Migratory Birds - All You Need To Know


Martin Benadie


Roughly 50% of the world’s bird species migrate, making them the most mobile of all wildlife on Earth, undertaking epic annual journeys as they do so. More than 100 migratory bird species have been recorded in southern Africa, with 44 Palearctic migrant species originating from Europe, Asia, northern Africa and the northern and central parts of the Arabian Peninsula. There are three major identified global flyways that birds use on passage – the one in Africa is known as the African-Eurasian Flyway.





Why Do Birds Migrate?



Migratory birds travel very long distances on their annual journeys, sometimes even tens of thousands of kilometres, as they typically move between their breeding and non-breeding areas. The survival of migratory birds depends on the availability of well-connected links of habitats along their migration routes, which are used by birds for resting and feeding along the way. It is not only the breeding and wintering sites which are important, as these feeding and resting sites also fulfil key roles in the survival of migratory bird species.



What is World Migratory Bird Day?



Celebrated across the world on two peak days each year – on the second Saturday in May and October – World Migratory Bird Day is the only international awareness-raising and education programme that celebrates the migration of bird species along all the major flyways of the world. The aim of World Migratory Bird Day is to celebrate the marvel of bird migration, but also increase the level of awareness about the many threats migratory birds are facing. Human activity over the past century has unfortunately increased the many hazards they face when crossing inhospitable areas, particularly vast, sprawling cities with all their light pollution and various towering structures. Habitat loss, pesticides, and hunting or trapping for food on their stopover grounds have also taken major tolls, the large decline in Amur falcons being just one example.





World Migratory Bird Day 2021 invites people to connect and re-connect with nature by actively listening to – and watching –birds, wherever they are. Birds are omnipresent: in suburbia and in the countryside; in parks and backyards, in forests and mountains, and in wetlands, grasslands and along coastal shores. They connect all these habitats and they connect us, reminding us of our own connection to the planet, the environment, wildlife and each other. Through their seasonal movements, migratory birds are also regularly reminding us of nature’s cycles.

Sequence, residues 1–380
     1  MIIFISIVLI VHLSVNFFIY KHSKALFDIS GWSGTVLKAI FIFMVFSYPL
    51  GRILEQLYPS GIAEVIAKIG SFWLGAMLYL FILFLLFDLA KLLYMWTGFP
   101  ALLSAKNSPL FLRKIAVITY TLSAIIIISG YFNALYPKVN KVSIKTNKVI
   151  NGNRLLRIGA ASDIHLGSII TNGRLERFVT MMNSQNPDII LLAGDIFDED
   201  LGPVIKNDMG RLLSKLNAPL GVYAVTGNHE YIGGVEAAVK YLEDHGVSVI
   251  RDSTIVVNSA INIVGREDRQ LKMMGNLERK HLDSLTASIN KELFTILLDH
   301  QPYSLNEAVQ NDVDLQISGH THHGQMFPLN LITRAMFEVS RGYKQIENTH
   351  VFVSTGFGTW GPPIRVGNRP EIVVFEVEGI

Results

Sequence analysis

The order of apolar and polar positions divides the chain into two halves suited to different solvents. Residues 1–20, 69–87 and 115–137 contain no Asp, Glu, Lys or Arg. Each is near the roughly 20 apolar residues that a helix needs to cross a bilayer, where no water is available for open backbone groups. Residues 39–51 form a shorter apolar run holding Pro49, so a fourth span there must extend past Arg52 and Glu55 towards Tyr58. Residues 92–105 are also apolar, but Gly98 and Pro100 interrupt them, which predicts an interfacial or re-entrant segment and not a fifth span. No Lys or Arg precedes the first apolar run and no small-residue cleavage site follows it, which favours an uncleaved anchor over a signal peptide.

During the COVID-19 pandemic, which slowed down many activities by limiting our movements, people across the world have been listening to and watching birds like never before. For many people around the world, bird song has also been a source of comfort and joy during this time, connecting people to nature yet again.





What Are The Problems Faced by Migratory Birds?



Scientists around the world have also been studying the impact the pandemic is having on birds and other wildlife, looking at how the ‘anthropause’ – the so-called global shutdown in human activity resulting from the COVID-19 pandemic – has affected birds and other wildlife around the world. Clearly, the pandemic has been an unprecedented challenge for humankind. At the same time, it brought a much-needed respite for wildlife and has also brought a whole new level of awareness and appreciation for birds and the importance of nature for our own wellbeing.





When Do Birds Migrate?



Most migrant species in southern Africa are now absent (mostly present October – April) as they journey arduously northwards again to their breeding grounds. I cannot wait, however, for their return later in the year, when our southern African skies and landscapes are filled once again with many types of African migratory birds, particularly storks, swallows, kingfishers, cuckoos, rollers, raptors and warblers. Luckily, 8 May is also Global Birding Big Day, an annual celebration of the birds around us. No matter where you find yourself, help celebrate World Migratory Bird Day, and share all your bird sightings with eBird.





Learn more here as to how you can participate:


World Migratory Bird Day -


eBird Website -

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